Directions: In the following questions, read the passage carefully and choose the best answer to each question out of the four alternatives. The recent change to allvolunteer armed forces in the United States will eventually produce a gradual increase in the proportion of women in the armed forces and in the variety of women’s assignments, but probably not the dramatic gains for women that might have been expected. This is so even though the armed forces operate in an ethos of institutional change oriented toward occupational equality and under the federal sanction of equal pay for equal work. The difficulty is that women are unlikely to be trained for any direct combat operations. A significant portion of the larger society remains uncomfortable as yet with extending equality in this direction. Therefore, for women in the military, the search for equality will still be based on functional equivalence, not identity or even similarity of task. Opportunities seem certain to arise. The growing emphasis on deterrence is bound to offer increasing scope for women to become involved in novel types of noncombat military assignments.
Q21. Which sentence is an incorrect one ?
(a) The recent change to all voluntary armed forces in US will produce a gradual increase in the proportion of women.
(b) The difficulty is that women are likely to be trained for any direct combat operation.
(c) Opportunities seem certain to arise
(d) The difficulty is that women are unlikely to be trained for any direct combat operation
Ans: (b) The difficulty is that women are likely to be trained for any direct combat operation.
Q22. A suitable title for the passage might be
(a) Current status of women in US military.
(b) Current status of women in US navy.
(c) Current status of women in US airforce.
(d) Current status of women in US teaching service.
Ans: (a) Current status of women in US military.
Q23. According to the passage, despite the United States armed forces’ commitment to occupational equality for women in the military, certain other factors preclude women
(a) being assigned all of the military tasks that are assigned to men.
(b) drawing assignments from a wider range of assignments than before.
(c) having access to positions of responsibility
(d) receiving equal pay for equal work
Ans: (a) being assigned all of the military tasks that are assigned to men.
Q24. The passage implies which of the following is a factor conducive to a more equitable representation of women in the United States armed forces than has existed in the past ?
(a) The allvolunteer character of the present armed forces.
(b) The past service records of women who had assignments functionally equivalent to men’s assignments.
(c) The level of awareness on the part of the larger society of military issues.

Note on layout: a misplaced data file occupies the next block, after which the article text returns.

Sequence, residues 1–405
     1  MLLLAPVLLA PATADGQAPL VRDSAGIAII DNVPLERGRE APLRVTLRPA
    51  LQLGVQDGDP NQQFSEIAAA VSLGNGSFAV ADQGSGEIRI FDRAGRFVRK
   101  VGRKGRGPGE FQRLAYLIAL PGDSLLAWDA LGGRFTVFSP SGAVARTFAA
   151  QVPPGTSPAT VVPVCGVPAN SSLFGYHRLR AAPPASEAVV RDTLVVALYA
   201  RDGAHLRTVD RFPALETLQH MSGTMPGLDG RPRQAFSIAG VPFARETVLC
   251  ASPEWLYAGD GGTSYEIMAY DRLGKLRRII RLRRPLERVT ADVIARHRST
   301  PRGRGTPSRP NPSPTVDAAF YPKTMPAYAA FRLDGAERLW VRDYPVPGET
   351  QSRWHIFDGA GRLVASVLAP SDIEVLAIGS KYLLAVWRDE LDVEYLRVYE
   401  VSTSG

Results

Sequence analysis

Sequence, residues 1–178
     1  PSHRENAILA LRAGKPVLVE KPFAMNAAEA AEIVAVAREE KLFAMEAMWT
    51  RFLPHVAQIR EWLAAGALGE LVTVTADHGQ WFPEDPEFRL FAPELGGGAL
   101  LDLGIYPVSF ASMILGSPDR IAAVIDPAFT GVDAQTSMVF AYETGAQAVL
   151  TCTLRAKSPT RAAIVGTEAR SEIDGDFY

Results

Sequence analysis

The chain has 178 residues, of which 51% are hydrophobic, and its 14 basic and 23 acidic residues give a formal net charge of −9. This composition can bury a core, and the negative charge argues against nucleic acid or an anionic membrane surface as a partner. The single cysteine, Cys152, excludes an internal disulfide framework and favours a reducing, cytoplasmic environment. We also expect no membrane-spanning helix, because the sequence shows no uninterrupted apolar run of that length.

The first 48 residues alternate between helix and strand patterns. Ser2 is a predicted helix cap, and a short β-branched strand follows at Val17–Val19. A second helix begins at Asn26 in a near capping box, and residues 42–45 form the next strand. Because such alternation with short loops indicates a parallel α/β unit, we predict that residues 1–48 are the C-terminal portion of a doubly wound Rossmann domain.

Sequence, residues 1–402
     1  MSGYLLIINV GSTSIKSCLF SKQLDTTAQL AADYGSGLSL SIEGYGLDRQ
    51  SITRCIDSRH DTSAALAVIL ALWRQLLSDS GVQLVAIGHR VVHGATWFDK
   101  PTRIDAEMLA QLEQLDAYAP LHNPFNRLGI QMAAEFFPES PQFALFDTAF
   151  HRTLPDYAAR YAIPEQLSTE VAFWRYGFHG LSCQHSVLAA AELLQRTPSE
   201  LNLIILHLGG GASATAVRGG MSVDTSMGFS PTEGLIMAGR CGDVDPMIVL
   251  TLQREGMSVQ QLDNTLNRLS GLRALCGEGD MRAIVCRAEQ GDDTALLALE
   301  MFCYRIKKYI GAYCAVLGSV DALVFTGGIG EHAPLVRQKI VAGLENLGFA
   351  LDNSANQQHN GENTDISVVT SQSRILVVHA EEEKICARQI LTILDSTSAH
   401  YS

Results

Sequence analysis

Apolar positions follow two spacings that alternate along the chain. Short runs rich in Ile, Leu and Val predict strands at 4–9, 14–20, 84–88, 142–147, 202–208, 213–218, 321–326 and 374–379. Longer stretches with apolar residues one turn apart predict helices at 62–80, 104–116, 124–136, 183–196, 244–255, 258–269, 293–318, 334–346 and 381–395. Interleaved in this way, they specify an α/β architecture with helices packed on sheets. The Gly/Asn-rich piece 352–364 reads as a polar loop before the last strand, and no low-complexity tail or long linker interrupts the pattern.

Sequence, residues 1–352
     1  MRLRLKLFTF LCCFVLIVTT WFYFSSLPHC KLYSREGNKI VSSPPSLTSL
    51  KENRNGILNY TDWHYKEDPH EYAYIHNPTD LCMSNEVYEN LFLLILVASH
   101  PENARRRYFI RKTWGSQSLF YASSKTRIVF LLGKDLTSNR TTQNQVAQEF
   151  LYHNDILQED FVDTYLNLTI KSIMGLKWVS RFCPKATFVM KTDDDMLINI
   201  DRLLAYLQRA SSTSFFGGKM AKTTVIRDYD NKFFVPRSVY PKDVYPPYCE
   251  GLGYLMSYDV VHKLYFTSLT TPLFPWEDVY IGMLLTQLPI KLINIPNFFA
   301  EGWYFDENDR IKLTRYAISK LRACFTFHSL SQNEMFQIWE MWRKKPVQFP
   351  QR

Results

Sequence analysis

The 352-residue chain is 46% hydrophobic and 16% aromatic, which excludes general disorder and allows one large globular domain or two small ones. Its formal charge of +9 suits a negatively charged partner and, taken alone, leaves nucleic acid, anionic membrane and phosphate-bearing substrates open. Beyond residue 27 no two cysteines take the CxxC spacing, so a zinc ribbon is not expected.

(d) An increased decline in the proportion of deterrence oriented non combat assignments.
Ans: (a) The allvolunteer character of the present armed forces.
Q25. The primary purpose of the passage is to
(a) present an overview of the different types of assignments available to women.
(b) analyze reforms in the new United States allvolunteer armed forces necessitated by the increasing number of women in the military.
(c) present the new United States all–volunteer armed forces as a model case of equal employment policies in action.
(d) present a reasoned prognosis of the status of women in the new United States allvolunteer armed forces.
Ans: (d) present a reasoned prognosis of the status of women in the new United States allvolunteer armed forces.
Q26. Which of the following is closest in sense to the word novel used in the passage ?
(a) new (b) prosaic
(c) dull (d) boring
Ans: (a) new
Q27. It can be inferred from the passage that after the recent change
(a) Some join willingly, some are forced.
(b) Everyone joins the military under compulsion.
(c) Men are forced, women join willingly.
(d) Everyone joins the military willingly.
Ans: (d) Everyone joins the military willingly.
Q28. The word ‘opportunities’ used in the passage may be replaced by all except
(a) openings (b) failures
(c) scope (d) prospects
Ans: (b) failures
Q29. It can be inferred from the passage that
(a) The change to allvolunteer armed forces took place many years ago.
(b) Opportunities for women in military are certain to decline.
(c) The Government sanctions equal pay for equal work.
(d) The society encourages increased participation of women in direct combat.
Ans: (c) The Government sanctions equal pay for equal work.
Q30. The dramatic gains for women and change in the attitude of a significant portion of the larger society are logically related to each other in as much as the author puts forward the latter as
(a) the major reason for absence of the former.
(b) a public response to achievement of the former.
(c) a reason for some of the former being lost again.
(d) a pre condition for any prospect of achieving the former.
Ans: (d) a precondition for any prospect of achieving the former.